Preparing for Basel IV – Why Liquidity Risks Still Present a Challenge to Regulators in Prudential Supervision
Amazon Publications, Forthcoming
14 Pages Posted: 22 Dec 2010 Last revised: 22 Apr 2016
Date Written: January 21, 2016
This paper considers and assesses various explanations attributed as principal factors of the recent Financial Crisis. In particular, it focuses on two principal regulatory tools which constitute the basis of the framework promulgated by recent Basel Committee's initiatives, that is, Basel III. These two regulatory tools being capital and liquidity requirements.
Various conclusions have been put forward to explain what triggered the recent Financial Crisis. This paper aims to explain why the Basel Committee's liquidity requirements and present proposals aimed at addressing liquidity risks, still represent a very modest milestone in efforts aimed at addressing challenges in prudential regulation and supervision. Even though problems attributed to capital adequacy requirements are considered by many authorities to have triggered the recent Crisis, the paper will highlight how runs on banks are triggered by liquidity crises and that liquidity risks cannot be isolated from systemic risks. In so doing, it will incorporate the roles assumed by information asymmetries and market based regulation - hence elaborate on how market based regulation could serve to address problems which trigger liquidity risks. Imperfect knowledge being a factor which is contributory to liquidity crises and bank runs, and market based regulation being essential in facilitating disclosure - since the Basel Committee's focus on banks and prudential supervision cannot on its own, address the challenges encountered in the present regulatory environment.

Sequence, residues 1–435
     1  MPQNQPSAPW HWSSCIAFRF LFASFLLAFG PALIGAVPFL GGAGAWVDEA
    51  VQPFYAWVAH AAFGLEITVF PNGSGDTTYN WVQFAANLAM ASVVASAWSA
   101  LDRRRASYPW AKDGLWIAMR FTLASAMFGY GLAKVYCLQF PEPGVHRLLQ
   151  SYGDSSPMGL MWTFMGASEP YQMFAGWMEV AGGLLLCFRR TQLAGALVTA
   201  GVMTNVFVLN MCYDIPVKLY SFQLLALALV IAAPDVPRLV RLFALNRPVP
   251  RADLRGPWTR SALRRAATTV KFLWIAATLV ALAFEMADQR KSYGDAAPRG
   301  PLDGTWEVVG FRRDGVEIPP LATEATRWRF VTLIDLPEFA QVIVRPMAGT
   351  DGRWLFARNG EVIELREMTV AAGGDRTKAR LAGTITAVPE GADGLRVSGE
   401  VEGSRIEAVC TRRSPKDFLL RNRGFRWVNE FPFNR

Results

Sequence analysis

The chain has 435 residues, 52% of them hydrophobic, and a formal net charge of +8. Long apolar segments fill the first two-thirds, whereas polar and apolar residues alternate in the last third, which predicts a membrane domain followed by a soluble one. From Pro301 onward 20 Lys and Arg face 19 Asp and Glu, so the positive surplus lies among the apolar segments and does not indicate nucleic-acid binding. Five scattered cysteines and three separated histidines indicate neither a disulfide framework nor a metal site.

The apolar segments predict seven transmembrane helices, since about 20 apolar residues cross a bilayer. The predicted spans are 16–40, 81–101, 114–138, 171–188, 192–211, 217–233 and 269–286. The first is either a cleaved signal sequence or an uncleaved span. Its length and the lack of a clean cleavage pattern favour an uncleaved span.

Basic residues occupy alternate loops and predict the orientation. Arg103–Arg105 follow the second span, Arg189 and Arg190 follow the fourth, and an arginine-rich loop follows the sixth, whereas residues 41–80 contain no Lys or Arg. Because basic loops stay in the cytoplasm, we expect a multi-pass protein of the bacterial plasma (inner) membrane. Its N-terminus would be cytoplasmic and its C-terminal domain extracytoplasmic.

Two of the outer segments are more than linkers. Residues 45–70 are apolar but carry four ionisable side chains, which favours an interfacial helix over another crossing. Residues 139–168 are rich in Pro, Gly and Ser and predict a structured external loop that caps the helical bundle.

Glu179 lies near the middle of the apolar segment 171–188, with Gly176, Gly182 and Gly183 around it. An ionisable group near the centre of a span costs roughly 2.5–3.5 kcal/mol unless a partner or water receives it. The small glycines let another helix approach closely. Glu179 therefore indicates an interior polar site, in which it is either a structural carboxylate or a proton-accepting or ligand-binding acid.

Furthermore, it will address measures and proposals which could serve as bases for future regulatory reforms - as well as criticisms and challenges still encountered by recent Basel Committee initiatives.
Keywords: capital, liquidity, Basel III, Basel Committee, lender of last resort, banks, insurance, securities, information asymmetry, market based regulation, bail outs, disclosure, moral hazard, Dodd Frank Act, Financial Crisis
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